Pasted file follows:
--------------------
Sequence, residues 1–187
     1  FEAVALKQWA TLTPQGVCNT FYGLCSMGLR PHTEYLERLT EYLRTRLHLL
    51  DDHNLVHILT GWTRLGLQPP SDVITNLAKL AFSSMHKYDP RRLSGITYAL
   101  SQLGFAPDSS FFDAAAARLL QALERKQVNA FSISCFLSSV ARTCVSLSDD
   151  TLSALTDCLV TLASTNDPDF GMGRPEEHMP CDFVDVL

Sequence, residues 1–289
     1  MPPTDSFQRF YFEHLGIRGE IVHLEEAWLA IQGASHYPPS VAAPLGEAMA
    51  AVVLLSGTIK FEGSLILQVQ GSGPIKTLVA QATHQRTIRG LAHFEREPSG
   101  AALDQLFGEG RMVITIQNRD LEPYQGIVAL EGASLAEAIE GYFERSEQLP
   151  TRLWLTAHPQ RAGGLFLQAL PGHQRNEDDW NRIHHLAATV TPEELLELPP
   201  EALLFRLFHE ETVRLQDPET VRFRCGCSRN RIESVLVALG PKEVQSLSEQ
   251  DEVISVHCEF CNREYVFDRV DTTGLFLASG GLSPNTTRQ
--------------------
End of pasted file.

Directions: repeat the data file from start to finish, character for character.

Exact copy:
Sequence, residues 1–187
     1  FEAVALKQWA TLTPQGVCNT FYGLCSMGLR PHTEYLERLT EYLRTRLHLL
    51  DDHNLVHILT GWTRLGLQPP SDVITNLAKL AFSSMHKYDP RRLSGITYAL
   101  SQLGFAPDSS FFDAAAARLL QALERKQVNA FSISCFLSSV ARTCVSLSDD
   151  TLSALTDCLV TLASTNDPDF GMGRPEEHMP CDFVDVL

Sequence, residues 1–289
     1  MPPTDSFQRF YFEHLGIRGE IVHLEEAWLA IQGASHYPPS VAAPLGEAMA
    51  AVVLLSGTIK FEGSLILQVQ GSGPIKTLVA QATHQRTIRG LAHFEREPSG
   101  AALDQLFGEG RMVITIQNRD LEPYQGIVAL EGASLAEAIE GYFERSEQLP
   151  TRLWLTAHPQ RAGGLFLQAL PGHQRNEDDW NRIHHLAATV TPEELLELPP
   201  EALLFRLFHE ETVRLQDPET VRFRCGCSRN RIESVLVALG PKEVQSLSEQ
   251  DEVISVHCEF CNREYVFDRV DTTGLFLASG GLSPNTTRQ